What programming language should I use/learn?

I get asked often, "Which programming language should I start with?" or "I teach _______ which language would be the best for my classroom?" My goal is not to promote one language but show you the benefits of each of the more popular choices out there and let you make your own decision. There really is no one "best" language, just the best language for what you are interested in doing.

As always I promote technology that:

  1. Enhances or encourages learning. Programming is one great way to implement Computational Thinking into your class.
  2. The software is free and open source.

Disclaimer: These are intended to be a summary. They are presented in no particular order.


Free? FOSS (Free as in zero cost and open source)
Requires an installation? Yes but there are web based options like sage math notebook. Python comes preinstalled on Mac and Linux.
  • The syntax is very high level so you and your students can take your ideas and very quickly turn them into code. 
  • Python is interpreted so as soon as you press enter or run the code you can see the results. 
  • It has a large number of modules and support for graphics (e.g. VPython), physics, math, language parsing and more.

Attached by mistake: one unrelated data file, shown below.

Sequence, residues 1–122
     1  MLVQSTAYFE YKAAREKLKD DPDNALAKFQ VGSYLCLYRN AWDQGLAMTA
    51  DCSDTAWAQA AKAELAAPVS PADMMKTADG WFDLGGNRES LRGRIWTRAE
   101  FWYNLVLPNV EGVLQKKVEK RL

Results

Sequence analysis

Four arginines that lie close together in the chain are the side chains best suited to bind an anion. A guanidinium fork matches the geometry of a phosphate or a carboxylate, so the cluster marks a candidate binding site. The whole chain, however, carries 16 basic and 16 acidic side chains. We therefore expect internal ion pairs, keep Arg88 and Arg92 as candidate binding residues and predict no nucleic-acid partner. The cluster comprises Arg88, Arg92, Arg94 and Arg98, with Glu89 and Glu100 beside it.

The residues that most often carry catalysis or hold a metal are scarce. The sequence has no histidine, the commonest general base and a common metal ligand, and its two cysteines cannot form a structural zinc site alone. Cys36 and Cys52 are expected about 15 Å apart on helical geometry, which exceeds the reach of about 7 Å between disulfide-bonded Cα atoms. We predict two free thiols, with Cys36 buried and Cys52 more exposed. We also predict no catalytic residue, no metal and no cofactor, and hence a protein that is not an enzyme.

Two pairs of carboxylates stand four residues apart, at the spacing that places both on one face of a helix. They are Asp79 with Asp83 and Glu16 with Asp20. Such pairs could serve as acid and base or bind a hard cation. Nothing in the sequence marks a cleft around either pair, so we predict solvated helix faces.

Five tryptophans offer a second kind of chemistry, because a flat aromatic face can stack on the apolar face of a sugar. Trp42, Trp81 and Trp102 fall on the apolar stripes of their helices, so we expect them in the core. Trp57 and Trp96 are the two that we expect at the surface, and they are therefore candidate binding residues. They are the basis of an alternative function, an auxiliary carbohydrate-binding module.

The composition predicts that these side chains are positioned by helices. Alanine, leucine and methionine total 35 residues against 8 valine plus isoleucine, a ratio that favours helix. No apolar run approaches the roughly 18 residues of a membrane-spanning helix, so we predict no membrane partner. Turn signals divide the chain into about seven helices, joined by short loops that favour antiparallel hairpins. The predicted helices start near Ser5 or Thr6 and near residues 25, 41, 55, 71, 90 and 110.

• Great for prototyping, web, data mining/processing, and almost anything!
Recommended Tutorials:


Free? FOSS
Requires an installation? No
  • Coupled with HTML5 and CSS allows you to add a lot of power and interactivity to your web pages and applications.
  • Gives you to access web APIs (directory of available APIs) and use other services.
FYI: Javascript fails silently (meaning if there is a bug, it just won't work the way you intended, there won't be an error message) so use lots of debugging techniques and logs to debug. This is far easier than it may sound and is useful to learn regardless of what language you are using.
Recommended Tutorial:


Free? FOSS
Requires an installation? Yes
  • Designed to be very easy to make something visual, beautiful and/or interactive.
  • With both Processing and Arduino, it provides an introduction to C++ that is less intimidating.
Recommended Tutorials:
    Examples in the Processing software (Select File and then Examples)


  • Hardware: No but Open Source (Sparkfun, Adafruit, and Radio Shack are trusted suppliers)
  • Software:  FOSS
Requires an installation? Yes
  • Works with off the shelf parts (e.g. motors, LEDs) to cheaply and easily build projects that sense, move, light up, etc.
  • Many "shields" are available to easily add functionality like Bluetooth, Wifi, audio, etc.
  • Hardware is relatively inexpensive (~$20-30)
  • Interfaces easily with Processing to add interactivity and data visualization.
Recommended Tutorials:
    Examples in the Arduino software (Select File and then Examples)
    Sparkfun Education

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